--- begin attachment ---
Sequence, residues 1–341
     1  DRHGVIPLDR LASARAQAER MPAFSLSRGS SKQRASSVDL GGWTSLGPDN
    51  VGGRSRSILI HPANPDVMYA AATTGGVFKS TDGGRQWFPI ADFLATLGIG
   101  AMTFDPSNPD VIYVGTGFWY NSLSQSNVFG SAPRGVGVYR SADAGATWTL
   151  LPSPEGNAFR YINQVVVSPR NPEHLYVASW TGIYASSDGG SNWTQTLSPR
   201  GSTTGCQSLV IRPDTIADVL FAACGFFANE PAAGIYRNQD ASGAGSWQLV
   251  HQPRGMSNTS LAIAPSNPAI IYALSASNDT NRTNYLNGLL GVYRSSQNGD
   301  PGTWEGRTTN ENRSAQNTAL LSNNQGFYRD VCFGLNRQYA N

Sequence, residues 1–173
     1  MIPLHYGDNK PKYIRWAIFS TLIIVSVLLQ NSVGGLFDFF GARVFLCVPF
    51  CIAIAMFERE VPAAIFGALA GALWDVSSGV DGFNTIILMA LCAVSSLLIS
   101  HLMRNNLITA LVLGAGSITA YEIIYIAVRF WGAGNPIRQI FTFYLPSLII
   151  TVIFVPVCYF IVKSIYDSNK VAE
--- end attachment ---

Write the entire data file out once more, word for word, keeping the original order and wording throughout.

Sequence, residues 1–341
     1  DRHGVIPLDR LASARAQAER MPAFSLSRGS SKQRASSVDL GGWTSLGPDN
    51  VGGRSRSILI HPANPDVMYA AATTGGVFKS TDGGRQWFPI ADFLATLGIG
   101  AMTFDPSNPD VIYVGTGFWY NSLSQSNVFG SAPRGVGVYR SADAGATWTL
   151  LPSPEGNAFR YINQVVVSPR NPEHLYVASW TGIYASSDGG SNWTQTLSPR
   201  GSTTGCQSLV IRPDTIADVL FAACGFFANE PAAGIYRNQD ASGAGSWQLV
   251  HQPRGMSNTS LAIAPSNPAI IYALSASNDT NRTNYLNGLL GVYRSSQNGD
   301  PGTWEGRTTN ENRSAQNTAL LSNNQGFYRD VCFGLNRQYA N

Sequence, residues 1–173
     1  MIPLHYGDNK PKYIRWAIFS TLIIVSVLLQ NSVGGLFDFF GARVFLCVPF
    51  CIAIAMFERE VPAAIFGALA GALWDVSSGV DGFNTIILMA LCAVSSLLIS
   101  HLMRNNLITA LVLGAGSITA YEIIYIAVRF WGAGNPIRQI FTFYLPSLII
   151  TVIFVPVCYF IVKSIYDSNK VAE